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iPod nano Special Report: things you may want to know


Following Apple's iPod nano announcement

In another one of its boneheaded moves, Apple has managed to keep some early iPod nano adopters waiting in excess of one month before they'll be able to own the lanyard accessory, which comes with built in earphones and allows the new music player to be worn around the neck. Of course that's not half as bad as reports that some Apple authorized resellers have been quoted three-week wait times for volume orders of the new iPod itself.

Nevertheless, in its second straight day the iPod nano continues to gain praise and draw gazes. Says the Wall Street Journal's Walter Mossberg, "I have been testing a nano for the past few days, and I am smitten." The Personal Technology columnist claims "the nano has the best combination of beauty and functionality of any music player" he's ever tested. We'd have to concur.

By utilizing flash memory instead of miniature hard disk drives, Apple was able to design the nano to be nearly one-third the size of its predecessor, the iPod mini. The new players are so thin and compact that they're aesthetically stunning; but these great looks and new form factor may be costing Apple a pretty penny. According to PiperJaffray analyst Gene Munster, Apple's switch to flash memory in the iPod nano may have raised the company's component costs by as much as 50%. If true, this would mean that Apple is making far less off of each nano than it did with the mini.

Market intelligence firms Semico and iSuppli believe 1GB of flash memory in the volume market presently costs about $45. Thus, the 2GB iPod Nano, which sells for $199, potentially contains around $90 worth of flash memory, while the $249 4GB version would require approximately $180 worth of flash memory, a Semico's analyst said.

However, earlier reports hinted that Apple had struck a deal with Samsung in which the iPod maker would purchase as much as 40% of Samsung's second-half flash memory output in exchange for a significant volume price reduction. Some analysts speculate that Samsung offered Apple a 50% discount, which would bring Apple's per-Gigabyte cost for flash memory inline with that of the hard disk drive-based storage used in the iPod mini.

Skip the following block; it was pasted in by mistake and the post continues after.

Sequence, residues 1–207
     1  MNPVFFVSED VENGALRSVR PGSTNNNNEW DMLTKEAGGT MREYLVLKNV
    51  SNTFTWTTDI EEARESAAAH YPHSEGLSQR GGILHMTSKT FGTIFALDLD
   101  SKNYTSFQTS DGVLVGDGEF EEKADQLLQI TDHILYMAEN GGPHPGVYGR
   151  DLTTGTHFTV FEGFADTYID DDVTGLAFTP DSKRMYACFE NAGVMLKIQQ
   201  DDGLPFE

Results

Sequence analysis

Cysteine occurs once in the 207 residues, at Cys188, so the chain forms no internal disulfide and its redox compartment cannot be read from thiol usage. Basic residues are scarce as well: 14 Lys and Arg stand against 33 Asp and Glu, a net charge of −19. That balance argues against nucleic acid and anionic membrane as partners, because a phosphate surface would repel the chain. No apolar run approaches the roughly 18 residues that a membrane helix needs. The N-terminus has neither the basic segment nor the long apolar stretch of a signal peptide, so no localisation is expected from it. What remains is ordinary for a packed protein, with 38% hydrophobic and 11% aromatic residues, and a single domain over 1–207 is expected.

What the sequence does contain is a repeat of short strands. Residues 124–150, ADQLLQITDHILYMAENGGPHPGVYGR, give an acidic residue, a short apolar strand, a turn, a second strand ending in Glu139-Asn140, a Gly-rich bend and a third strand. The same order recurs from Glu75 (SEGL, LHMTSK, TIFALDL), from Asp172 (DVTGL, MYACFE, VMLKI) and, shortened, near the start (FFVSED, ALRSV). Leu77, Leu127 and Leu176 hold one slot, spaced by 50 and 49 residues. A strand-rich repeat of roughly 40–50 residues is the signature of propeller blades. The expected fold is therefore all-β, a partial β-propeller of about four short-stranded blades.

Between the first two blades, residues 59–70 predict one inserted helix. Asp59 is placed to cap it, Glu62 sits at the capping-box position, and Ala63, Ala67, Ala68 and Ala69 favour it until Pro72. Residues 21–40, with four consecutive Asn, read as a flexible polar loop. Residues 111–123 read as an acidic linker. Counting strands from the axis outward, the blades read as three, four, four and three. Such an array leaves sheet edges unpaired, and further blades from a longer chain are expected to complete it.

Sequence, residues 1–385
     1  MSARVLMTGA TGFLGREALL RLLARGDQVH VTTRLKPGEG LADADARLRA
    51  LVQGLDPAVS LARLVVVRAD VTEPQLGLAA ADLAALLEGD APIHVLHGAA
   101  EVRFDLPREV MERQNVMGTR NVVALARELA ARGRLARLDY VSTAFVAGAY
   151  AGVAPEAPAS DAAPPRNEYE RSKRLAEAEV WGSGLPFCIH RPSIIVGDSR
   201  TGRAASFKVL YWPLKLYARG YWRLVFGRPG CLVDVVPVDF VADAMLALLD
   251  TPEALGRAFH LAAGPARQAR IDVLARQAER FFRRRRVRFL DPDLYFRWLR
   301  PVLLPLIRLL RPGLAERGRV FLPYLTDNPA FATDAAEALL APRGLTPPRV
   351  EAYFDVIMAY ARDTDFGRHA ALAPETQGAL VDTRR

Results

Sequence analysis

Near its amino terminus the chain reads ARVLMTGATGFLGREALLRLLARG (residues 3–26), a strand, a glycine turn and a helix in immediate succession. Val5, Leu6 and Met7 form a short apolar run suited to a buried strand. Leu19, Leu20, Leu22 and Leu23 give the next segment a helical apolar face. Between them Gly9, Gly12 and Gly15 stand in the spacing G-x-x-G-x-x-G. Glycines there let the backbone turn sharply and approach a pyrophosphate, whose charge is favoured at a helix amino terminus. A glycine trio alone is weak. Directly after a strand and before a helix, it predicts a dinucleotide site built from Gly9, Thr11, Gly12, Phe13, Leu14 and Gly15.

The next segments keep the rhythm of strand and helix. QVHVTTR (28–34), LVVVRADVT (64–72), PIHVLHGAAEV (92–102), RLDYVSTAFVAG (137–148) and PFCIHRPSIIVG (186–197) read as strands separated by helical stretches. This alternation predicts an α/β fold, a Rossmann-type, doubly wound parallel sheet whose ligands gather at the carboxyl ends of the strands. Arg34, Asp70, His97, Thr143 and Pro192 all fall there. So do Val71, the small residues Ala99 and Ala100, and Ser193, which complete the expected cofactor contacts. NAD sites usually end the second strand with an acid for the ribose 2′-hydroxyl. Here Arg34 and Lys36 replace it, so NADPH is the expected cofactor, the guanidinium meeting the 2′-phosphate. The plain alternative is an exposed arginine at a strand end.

“I can’t tell you the discount rate, but it stands to reason that we expand the range of discount rates for a big buyer like Apple,” said Samsung executive Joo Woo-sik. "Samsung didn’t mean to do any harm to domestic MP3 manufacturers.” But already some Korean MP3 player makers are miffed by the release of the nano and accuse Apple of "cutting corners" by using Samsung flash chips. They say there is no way for them to declare a price war with Apple and instead will counter the iPod nano with "new concept products.”

Meanwhile, leave it to the Japanese to promptly purchase an iPod nano and then bust it to bits. The photos from this iPod nano dissection confirm the player is using flash memory from Samsung and also reveal a stereo codec chip from Wolfson Microelectronics, an ATA flash disk controller from SST, and what appears to be a USB chip from Texas Instruments.

One previous iPod component maker now absent from the aforementioned list is Synaptics, whose shares slipped further on Thursday as analysts confirmed that Apple is no longer using the company's click-wheel solutions in new iPods such as the nano. Synaptics had previously been Apple's primary supplier of both laptop trackpads and iPod scroll-wheels until Apple decided to develop its own solutions in order to gain more control over its intellectual property.

To combat the iPod nano, Apple's competitors may take action in different ways. Only hours after Apple unveiled the nano, Sony said it plans to start selling "advanced Walkman" digital music players later this year. They'll come in 6GB and 20GB capacities, but their color-tinted translucent enclosures are seemingly lacking the iPod's finesse.

On the other hand, reports indicate that Creative could be mulling whether to file suit against Apple, saying its use of the term "nano" is an attempt to trade on the name of an already established Creative product. In March the iPod competitor launched its flash-based "Zen Nano" player overseas. Unfortunately for Creative, about the only thing the two players share in common is the use of the term "nano," which also happens to be a prefix used with units of measurement.

Apple stock closed today at an all time high of $51.31, up $1.53 or 3.07%.